Employee Engagement via psychological contracts

Posted on August 18, 2009


MacLeod ReviewMarianne Huggett, commenting on the MacLeod Review’s struggle to define employer engagement, suggests that, although the term psychological contract has fallen out of favour, it still sits at the core of the relationship between employer and employee. 

However, her concern over the fragility of this bond may be unfounded.

As with many discussions around this topic, the tone of the article tends toward the pessimistic, as is the case with much around people in the workplace.  It seems that commentators have been socialised into accepting that everyone hates their job, that we are in thrall, waiting for a bell to release us come 5.30 and that HR and line management’s job is to try to create almost impossible conditions that might allow an individual to enjoy what they do for a fleeting moment and no more.

This seems perverse.  After all, many people (in industrialised nations) choose what they do for a living.  And, regardless of the fact that job offers are ultimately extended by the hiring company, they cannot be extended (except in a very few instances) to people other than those who have already expressed an interest in doing that job.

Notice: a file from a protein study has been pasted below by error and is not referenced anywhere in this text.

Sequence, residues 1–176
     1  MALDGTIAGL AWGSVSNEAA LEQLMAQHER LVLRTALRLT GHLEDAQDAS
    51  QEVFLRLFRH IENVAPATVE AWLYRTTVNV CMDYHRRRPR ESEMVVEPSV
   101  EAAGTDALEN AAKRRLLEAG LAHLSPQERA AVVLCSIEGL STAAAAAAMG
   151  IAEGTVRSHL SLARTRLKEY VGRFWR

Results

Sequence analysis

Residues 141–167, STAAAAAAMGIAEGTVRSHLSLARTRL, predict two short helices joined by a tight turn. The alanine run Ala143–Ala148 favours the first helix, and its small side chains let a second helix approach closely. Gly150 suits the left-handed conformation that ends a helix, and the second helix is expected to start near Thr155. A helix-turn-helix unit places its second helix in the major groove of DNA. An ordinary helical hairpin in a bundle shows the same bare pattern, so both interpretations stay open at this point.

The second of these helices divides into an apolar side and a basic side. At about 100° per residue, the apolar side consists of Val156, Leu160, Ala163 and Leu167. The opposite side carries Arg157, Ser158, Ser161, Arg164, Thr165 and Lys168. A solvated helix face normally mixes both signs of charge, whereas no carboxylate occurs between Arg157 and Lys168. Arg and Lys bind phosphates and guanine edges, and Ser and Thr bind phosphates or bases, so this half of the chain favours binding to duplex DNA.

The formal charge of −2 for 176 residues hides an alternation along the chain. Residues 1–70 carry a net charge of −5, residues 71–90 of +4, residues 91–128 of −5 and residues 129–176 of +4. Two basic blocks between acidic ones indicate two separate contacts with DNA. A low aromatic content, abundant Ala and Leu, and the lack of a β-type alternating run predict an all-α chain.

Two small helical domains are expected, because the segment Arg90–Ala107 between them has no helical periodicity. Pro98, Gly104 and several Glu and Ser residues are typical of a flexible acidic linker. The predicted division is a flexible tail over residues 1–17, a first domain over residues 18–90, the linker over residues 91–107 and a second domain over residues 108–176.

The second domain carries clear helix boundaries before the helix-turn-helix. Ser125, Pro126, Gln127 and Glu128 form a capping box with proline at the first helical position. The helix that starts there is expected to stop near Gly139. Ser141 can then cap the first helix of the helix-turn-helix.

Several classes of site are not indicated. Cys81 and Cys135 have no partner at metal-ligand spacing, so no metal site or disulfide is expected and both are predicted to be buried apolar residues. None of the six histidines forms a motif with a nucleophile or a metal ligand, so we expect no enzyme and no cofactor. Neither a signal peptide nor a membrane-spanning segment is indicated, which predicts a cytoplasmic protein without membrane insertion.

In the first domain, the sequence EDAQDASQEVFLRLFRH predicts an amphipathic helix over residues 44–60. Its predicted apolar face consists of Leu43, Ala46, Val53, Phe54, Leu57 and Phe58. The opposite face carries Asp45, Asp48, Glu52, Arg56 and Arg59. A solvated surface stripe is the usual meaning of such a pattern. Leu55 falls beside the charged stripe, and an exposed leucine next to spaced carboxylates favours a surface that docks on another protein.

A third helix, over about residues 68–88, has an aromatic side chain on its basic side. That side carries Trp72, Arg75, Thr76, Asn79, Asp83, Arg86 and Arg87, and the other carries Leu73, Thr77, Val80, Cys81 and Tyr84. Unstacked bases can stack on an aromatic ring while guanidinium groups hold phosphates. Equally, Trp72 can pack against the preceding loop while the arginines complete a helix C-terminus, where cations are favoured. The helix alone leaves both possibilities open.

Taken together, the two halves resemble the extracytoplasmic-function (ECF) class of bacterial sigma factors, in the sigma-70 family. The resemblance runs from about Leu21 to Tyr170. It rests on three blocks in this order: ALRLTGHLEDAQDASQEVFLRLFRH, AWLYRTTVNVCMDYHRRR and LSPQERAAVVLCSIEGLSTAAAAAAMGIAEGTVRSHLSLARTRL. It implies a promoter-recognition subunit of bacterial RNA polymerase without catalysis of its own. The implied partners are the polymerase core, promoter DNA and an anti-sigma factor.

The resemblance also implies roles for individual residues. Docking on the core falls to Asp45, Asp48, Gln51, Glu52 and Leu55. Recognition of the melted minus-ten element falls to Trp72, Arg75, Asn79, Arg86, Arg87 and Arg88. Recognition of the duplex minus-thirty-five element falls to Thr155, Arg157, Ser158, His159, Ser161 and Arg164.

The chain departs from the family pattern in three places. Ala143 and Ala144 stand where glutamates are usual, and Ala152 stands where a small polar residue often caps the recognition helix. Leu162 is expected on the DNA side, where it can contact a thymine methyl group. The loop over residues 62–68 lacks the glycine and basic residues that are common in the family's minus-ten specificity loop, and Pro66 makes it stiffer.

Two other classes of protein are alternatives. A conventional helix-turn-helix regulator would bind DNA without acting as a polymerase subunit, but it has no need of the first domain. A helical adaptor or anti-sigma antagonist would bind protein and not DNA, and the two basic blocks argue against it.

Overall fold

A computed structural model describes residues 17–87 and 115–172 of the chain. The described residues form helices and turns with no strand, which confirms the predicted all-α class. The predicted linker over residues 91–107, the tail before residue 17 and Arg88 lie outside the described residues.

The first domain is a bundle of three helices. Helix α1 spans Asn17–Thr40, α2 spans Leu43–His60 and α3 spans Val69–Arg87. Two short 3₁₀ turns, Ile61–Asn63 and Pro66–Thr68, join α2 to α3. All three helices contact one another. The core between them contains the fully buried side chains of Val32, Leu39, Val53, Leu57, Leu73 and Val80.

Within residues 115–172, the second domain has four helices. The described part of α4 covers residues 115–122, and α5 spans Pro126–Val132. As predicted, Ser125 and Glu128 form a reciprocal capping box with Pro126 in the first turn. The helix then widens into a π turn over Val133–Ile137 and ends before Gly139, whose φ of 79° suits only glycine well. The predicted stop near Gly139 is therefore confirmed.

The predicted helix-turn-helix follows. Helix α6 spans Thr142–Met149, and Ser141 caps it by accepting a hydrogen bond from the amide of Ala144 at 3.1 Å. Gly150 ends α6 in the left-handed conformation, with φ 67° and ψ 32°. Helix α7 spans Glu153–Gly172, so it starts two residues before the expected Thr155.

Commentators discuss work life balance without so much as a nod to the notion that the ‘work’ part may be every bit as engaging, meaningful and desirable as the ‘life’ part.  Ask Lance Armstrong what he’d rather do on any given day – work, or something else?  Ask Bill Gates.  Or Peter Mandleson for that matter.

In fact, ask it of anyone working in a whole host of careers from the charity & environmental sectors right through to engineering and teaching.  For those of us lucky enough to have been to university, the UK offers the widest career choice of any country on earth, not even worrying about links between degree subject and employment field in most cases.  So why start from the assumption that jobs make people unhappy and that the only benefits they offer are extrinsic?

We need to shift the expectation to one where we assume organisations are engaging with staff intrinsically and where disengagement is the exception rather than the norm.

Posted in: Employment